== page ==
About a week ago I was on the phone with Sugar Muffin and she was kind enough to conduct a Google experiment for me so that I didn’t alert the filters at work and get fired. I wanted to know what would come up if you Googled sexy as apposed to fat and sexy. I was pretty sure that I knew the answer but Sugar Muffin was kind enough to indulge me (incidentally, I wonder what you get if you Google Sugar Muffin). There was really nothing noteworthy in the results for sexy, but the results for fat and sexy retrieved a whole host of fetish sites.
I’ve been wondering for quite a while, can fat girls be sexy?
Let’s take a moment to define fat; it’s such a subjective term. I’m not talking about someone who is just a little larger, I mean someone with an unhealthy body fat percentage. Someone my size.
Sexy is also such a subjective term that it’s hard to pin down what does and doesn’t qualify. It’s not only a personal measurement but a cultural one. In days of yore, the fatter a woman the more attractive she was. In parts of the world today fat is venerated. The question, though, that I am posing is: in our culture and our time can fat also be sexy?
This is a question I’ve wondered about both on a personal level and on a societal level. When I’m out with people or dancing at a club does anyone think that I am sexy? What about beautiful, pretty, or desirable? It isn’t just about me, though. Individual opinions always have a larger societal effect and vice versa.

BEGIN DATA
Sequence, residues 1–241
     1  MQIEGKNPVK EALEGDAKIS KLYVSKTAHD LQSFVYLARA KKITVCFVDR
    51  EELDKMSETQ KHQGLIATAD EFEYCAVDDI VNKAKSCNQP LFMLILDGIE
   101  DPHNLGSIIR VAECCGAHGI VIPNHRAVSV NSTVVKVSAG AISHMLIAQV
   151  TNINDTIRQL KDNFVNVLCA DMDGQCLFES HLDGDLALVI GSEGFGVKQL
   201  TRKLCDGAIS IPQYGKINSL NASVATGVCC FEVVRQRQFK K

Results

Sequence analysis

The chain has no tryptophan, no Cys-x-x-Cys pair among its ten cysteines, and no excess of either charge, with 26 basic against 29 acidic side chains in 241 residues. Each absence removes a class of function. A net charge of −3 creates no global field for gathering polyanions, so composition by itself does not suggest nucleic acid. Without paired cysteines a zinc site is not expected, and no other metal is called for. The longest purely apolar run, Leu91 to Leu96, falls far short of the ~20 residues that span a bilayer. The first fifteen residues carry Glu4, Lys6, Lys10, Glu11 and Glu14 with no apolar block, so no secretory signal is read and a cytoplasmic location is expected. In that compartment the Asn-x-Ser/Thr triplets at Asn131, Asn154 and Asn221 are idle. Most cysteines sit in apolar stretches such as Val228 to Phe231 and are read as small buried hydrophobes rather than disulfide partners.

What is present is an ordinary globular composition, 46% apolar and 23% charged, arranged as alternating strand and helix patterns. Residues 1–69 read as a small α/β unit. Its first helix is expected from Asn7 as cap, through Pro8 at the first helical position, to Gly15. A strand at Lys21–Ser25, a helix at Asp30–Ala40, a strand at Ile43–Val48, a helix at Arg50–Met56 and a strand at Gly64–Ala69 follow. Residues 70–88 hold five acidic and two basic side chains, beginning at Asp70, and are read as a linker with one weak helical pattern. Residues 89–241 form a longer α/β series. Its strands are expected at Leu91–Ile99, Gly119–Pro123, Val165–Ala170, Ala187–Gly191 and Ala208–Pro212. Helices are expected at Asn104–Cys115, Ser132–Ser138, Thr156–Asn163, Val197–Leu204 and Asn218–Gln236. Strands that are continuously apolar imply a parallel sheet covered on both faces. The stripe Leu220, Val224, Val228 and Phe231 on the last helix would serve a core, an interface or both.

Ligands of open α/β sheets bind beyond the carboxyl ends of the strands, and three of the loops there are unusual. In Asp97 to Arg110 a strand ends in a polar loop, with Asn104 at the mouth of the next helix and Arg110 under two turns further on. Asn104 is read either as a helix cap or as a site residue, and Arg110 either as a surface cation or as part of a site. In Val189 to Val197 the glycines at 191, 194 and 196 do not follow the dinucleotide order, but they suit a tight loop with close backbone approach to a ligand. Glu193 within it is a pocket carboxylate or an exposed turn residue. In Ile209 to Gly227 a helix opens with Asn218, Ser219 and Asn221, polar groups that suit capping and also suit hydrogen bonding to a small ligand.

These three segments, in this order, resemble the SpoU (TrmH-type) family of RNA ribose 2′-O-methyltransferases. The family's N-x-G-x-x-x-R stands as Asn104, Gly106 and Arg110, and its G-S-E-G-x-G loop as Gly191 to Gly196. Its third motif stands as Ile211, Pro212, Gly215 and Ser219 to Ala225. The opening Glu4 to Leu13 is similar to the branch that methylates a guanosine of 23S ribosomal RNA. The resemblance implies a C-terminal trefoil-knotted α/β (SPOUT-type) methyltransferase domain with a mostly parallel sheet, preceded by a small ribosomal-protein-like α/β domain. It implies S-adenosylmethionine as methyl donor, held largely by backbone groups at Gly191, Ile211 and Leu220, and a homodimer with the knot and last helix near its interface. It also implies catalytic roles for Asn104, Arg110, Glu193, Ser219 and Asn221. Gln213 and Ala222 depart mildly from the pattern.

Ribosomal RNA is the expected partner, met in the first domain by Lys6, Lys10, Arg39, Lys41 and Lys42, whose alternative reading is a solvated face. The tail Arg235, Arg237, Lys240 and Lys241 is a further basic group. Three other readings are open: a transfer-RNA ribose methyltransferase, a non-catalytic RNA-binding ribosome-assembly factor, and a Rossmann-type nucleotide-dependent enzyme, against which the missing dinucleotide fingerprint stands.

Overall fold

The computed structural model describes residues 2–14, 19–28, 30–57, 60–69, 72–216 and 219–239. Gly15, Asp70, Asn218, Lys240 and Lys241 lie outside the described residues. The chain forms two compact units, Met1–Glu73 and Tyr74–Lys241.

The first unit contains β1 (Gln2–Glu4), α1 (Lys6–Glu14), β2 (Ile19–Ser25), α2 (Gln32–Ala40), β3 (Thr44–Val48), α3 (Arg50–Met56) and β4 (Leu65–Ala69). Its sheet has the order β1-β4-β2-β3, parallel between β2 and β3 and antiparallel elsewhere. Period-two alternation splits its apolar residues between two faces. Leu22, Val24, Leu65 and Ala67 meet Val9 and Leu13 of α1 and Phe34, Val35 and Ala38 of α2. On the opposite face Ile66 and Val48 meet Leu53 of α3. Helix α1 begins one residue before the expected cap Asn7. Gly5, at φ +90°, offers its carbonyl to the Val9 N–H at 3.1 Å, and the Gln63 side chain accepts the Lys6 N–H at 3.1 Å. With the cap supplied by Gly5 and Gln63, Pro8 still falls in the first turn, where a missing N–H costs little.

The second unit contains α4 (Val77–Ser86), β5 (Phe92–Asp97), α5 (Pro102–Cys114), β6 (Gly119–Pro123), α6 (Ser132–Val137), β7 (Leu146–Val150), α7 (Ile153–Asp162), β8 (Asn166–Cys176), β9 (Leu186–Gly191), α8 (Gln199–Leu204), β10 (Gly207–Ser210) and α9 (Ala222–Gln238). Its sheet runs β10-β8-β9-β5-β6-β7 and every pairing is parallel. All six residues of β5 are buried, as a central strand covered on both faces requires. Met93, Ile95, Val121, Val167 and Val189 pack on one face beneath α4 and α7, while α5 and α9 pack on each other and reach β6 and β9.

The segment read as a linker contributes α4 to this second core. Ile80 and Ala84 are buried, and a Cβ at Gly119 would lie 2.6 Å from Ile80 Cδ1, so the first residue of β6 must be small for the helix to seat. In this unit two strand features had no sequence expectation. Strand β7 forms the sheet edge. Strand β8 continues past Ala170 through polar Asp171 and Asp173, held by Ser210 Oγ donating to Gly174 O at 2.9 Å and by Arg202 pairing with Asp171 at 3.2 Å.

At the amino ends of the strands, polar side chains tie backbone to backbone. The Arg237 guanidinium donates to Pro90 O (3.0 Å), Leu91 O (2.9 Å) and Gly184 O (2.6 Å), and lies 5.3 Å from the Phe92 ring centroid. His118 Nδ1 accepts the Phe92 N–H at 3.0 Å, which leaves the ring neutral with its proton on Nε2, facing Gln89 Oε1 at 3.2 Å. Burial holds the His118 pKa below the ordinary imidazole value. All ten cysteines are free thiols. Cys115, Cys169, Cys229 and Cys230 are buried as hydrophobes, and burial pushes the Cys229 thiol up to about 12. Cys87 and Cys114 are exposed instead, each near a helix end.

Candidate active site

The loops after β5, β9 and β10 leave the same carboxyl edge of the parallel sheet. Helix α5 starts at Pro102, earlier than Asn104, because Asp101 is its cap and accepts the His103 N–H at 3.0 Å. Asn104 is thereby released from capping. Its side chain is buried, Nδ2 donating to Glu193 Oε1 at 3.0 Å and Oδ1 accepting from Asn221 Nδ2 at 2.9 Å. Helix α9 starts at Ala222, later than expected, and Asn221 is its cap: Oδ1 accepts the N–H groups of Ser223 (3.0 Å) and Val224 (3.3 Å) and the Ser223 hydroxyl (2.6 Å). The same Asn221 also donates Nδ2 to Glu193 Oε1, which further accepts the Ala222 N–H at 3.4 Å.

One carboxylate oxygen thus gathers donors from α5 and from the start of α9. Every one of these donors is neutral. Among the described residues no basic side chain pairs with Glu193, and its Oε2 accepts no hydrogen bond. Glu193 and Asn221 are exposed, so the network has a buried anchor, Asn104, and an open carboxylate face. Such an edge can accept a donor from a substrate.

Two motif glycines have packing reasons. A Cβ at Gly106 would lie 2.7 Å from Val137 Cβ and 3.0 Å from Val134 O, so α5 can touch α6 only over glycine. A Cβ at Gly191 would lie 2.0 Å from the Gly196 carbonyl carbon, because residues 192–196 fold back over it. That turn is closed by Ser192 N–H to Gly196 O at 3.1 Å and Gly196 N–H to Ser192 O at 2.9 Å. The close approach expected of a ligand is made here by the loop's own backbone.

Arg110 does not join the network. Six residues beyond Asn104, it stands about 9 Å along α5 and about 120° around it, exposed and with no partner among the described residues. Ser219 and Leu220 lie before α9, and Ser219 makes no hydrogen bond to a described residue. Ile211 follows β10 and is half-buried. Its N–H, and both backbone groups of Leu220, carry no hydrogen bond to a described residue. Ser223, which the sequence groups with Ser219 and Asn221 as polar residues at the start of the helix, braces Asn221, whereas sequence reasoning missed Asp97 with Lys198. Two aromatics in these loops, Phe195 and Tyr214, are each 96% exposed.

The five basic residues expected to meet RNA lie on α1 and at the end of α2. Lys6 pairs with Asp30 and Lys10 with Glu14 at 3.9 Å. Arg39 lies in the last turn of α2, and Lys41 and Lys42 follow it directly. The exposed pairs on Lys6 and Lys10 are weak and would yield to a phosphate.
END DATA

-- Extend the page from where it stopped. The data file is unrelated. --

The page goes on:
If society says that fat girls are sexy than individuals will think that I am too. But does our society say that? The size acceptance movement does. Do I believe it? No. I realize that in the weight loss blog community this is not a popular opinion and that many of you will disagree with me. Good, that creates a healthy conversation.
I am most definitely in favor of loving your body, embracing your flaws, and not being ashamed of yourself but I don’t think that it’s healthy to pretend that unhealthy is sexy. In fact, it seems just as bad as some of the historic ideals of beauty.
Think of the iconic corset clad Victorian woman, or the pale, consumptive, woman of the romance period, or of the tan anorexic of our current time. These are just as poor as a model for sexy as obese is.
I worry that such a movement, rather than lending support for a healthy body image, will lend itself to an acceptance of an unhealthy lifestyle instead. Then again, maybe it’s just another step in moving toward a healthy view of sexy.
What do you think?
Just after posing the question on Twitter (you can follow me @KendraForrest) I received a few responses that I think are noteworthy. @ZenLizzie said, “I don’t think fat or lack of fat is what makes people sexy. So it CAN be, but fat as an element doesn’t make people sexy.” Good point. There is certainly an internal something that makes people sexy. Confidence, vivaciousness, quirkiness, zest, inner strength, and so many more traits also contribute to how sexy a person is.
After a few weeks of thinking through what I wanted to say in this post it’s still come out is jumbled as my thoughts on the subject. Organized or not, I’d be quite interested to hear what others are thinking.